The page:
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Watch how to advance application performance with Qt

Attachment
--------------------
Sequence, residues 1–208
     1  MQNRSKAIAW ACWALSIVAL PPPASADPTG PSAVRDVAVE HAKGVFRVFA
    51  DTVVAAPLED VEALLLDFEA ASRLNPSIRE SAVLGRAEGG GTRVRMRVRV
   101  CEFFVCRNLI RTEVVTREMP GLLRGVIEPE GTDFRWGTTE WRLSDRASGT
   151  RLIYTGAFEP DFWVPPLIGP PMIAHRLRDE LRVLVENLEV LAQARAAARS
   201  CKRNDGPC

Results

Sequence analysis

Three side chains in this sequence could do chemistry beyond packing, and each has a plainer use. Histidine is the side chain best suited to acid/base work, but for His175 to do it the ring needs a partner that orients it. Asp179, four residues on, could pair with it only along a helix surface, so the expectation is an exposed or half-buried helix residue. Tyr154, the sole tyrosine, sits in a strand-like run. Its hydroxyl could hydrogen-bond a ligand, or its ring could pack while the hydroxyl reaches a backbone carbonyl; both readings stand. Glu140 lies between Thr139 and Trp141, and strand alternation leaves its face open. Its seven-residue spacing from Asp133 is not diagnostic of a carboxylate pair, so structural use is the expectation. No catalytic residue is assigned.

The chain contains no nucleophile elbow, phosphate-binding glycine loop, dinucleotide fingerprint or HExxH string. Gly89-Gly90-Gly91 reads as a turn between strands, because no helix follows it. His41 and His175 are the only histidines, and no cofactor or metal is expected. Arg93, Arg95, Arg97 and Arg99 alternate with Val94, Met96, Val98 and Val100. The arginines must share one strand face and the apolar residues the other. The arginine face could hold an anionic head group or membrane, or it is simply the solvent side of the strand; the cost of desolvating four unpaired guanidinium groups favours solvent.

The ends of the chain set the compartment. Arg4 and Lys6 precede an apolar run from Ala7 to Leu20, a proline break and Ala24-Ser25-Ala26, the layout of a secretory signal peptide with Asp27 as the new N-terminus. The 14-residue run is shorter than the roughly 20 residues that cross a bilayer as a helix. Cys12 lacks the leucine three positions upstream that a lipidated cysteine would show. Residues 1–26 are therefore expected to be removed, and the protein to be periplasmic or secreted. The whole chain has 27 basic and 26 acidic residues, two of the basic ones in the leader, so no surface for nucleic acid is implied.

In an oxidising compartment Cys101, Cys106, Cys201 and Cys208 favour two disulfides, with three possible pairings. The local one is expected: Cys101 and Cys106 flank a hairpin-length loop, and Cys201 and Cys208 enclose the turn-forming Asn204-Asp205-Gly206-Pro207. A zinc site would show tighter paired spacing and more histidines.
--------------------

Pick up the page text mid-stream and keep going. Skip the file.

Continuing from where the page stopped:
Qt 3D is a framework for implementing data-driven 3D scenes with C++ or QML. However, building applications directly with this API can be a daunting task, especially for newcomers. Setting up frame graphs, render passes, materials and similar all require prior knowledge of 3D graphics pipelines. There is also a lack of tooling: those looking for designer-friendly scene and animation editors have been left out in the cold – until recently. With the advent of the 3D Studio contribution from NVIDIA, the tooling situation is going to be improved vastly. At the same time, when it comes to the runtimes, this is going to lead to a more convoluted graphics engine landscape inside Qt: OpenGL (or other graphics APIs) and scene graphs built on top are now in direct and independent use in Qt Quick, Qt 3D, Qt 3D Studio, and a number of other traditional components in the stack. This leads to the exciting question of the feasibility of unifying the low-level layers by implementing the runtime for 2D/3D user interface frameworks like Qt Quick, Qt 3D Studio, or anything else, on top of Qt 3D. While this may seem logical and straightforward at first, the road to fully retrofitting a foreign scene graph and material, lighting and animation system on top of Qt 3D is definitely bumpy, to say the least. In this talk we are going to take a look at the experiences and lessons learnt while attempting to implement some of the above as part of a research project. The results, and the issues encountered along the way, will provide valuable input to anyone working with Qt 3D, either in C++ or QML.